Spanish American War Justified Essay Examples

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the spanish american war

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     The Spanish-American war was the first and biggest step that the United States of America took toward imperialism. It was the war that secured the US as the most powerful country in the world. This war was a benefit to the USA because we gained land, gained respect, and taught a lesson to one of our enemies. In addition to this, the losses that we suffered were almost nothing compared to other conflicts or wars. The Spanish-American war was by no means for the sole purpose of gaining land and respect, the United States freed an oppressed country and took pieces of land that were better off under US control.
In the late 1800’s and early 1900’s, Imperialism was a popular trend among the large, powerful countries. Imperialism is defined as “The policy of extending a nation's authority by territorial acquisition or by the establishment of economic and political hegemony over other nations” Imperialism cannot be said as either good or bad, but as a general rule; If you live in an annexed country, imperialism is not good, if your country annexes smaller ones to gain profit, land, and respect, then imperialism is good. The United States was not much of an imperialistic country until we won the Spanish-American war. As a result of this war, we annexed Guam, The Philippines, and Puerto Rico. This is the point at which the US becomes and imperialistic nation, and though it was a hard struggle to keep these annexed countries under control and eventually gave them all back to their rightful owners. The importance of taking these countries is that we then could have coal stations around the world to fuel our navy, and we got respect from other countries around the war. This respect and intimidation helped the allied powers defeat the central powers during World War II. Ever since the US became the most powerful nation after the Spanish-American war, we have retained the title.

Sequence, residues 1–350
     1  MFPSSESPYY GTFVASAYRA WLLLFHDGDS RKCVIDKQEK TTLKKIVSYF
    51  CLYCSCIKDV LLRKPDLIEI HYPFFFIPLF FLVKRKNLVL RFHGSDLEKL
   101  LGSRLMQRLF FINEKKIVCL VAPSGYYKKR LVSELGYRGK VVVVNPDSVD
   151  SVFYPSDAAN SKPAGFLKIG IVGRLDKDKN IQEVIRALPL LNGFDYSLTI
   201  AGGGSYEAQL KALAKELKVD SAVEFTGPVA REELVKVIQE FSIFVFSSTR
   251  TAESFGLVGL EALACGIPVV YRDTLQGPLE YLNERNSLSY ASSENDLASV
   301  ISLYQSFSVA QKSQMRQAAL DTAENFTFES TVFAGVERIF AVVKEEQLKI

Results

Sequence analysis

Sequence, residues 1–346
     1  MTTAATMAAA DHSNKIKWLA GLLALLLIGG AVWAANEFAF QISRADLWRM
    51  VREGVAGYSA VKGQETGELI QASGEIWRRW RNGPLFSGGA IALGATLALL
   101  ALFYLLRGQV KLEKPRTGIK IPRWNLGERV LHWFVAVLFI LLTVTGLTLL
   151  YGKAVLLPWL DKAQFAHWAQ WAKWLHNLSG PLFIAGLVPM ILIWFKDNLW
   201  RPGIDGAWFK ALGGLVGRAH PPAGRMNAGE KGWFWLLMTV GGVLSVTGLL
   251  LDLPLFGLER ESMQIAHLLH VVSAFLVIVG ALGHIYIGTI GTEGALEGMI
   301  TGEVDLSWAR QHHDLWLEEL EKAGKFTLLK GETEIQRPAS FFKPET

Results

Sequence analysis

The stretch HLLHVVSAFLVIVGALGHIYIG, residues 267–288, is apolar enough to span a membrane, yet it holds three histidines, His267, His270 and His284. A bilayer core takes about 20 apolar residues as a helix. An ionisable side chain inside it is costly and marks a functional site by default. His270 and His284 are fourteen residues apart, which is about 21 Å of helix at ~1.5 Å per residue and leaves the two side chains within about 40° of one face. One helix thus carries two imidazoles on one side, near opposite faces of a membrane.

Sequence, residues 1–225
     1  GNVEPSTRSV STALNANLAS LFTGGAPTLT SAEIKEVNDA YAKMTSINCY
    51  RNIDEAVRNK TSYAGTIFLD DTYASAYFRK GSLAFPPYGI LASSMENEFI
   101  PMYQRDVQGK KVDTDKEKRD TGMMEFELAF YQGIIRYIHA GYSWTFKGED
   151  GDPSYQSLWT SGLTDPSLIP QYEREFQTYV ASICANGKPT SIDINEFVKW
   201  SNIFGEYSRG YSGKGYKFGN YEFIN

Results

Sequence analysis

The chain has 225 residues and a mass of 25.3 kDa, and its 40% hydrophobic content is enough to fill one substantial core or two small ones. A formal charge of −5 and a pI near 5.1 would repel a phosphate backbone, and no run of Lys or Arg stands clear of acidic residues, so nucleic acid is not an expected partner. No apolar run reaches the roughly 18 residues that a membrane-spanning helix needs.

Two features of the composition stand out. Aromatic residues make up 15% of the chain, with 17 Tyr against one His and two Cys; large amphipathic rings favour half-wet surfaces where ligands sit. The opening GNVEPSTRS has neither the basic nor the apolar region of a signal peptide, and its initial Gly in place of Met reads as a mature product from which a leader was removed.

One reason why the Spanish-American war was good for the US is the relatively small losses we had. 332 Americans were killed and 1642 were injured, and 2957 died from disease. These numbers amount to a total of 3289 soldiers killed because of the Spanish-American war (McSherry). This seems like many casualties, but if one compares it to any other war, it is almost nothing, considering there were 15 million battlefield deaths in the Second World War (Ash 71).

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Another factor to consider is that the United States spent 5 billion dollars (year 2000 currency) on the Spanish-American war. This also seems like nothing, compared to the 2,300 dollars we spent on World War II (McSherry).
The US had a right to declare war on Spain on April 25th in the year 1898. During this time, Cuba was under intense oppression from Spain. The Cuban people were in a state of uprising against Spain, which prompted Spain to group the Cubans into small villages where they were forced to live. Since the US once was in a situation like this, we felt for the Cubans and argued with Spain on their behalf. This raised much tension between Spain and the US. To make matters worse, the “yellow journalists” made up stories about severe brutality taking place in Cuba, the American people were strongly against Spain at this point. The next bad event to take place was the “Delome letter”, a letter sent from the Spanish diplomat Enrique Dupuy De Lome. This letter criticized the American president William Mckinley, calling him “weak” and “a low politician”. Americans were outraged at this; some because they felt Spain was hostile toward us, and some because they just would not stand for the making fun of our president. Finally, to top it all off, The US battleship Maine was destroyed in harbor in Havana. The cause of the explosion is unknown, but it was and still is widely believed that an enemy mine detonated on the ships hull, and ignited the weapons and ammunition stored in the bottom of the ship, causing the whole ship to explode and kills 266 crewmen.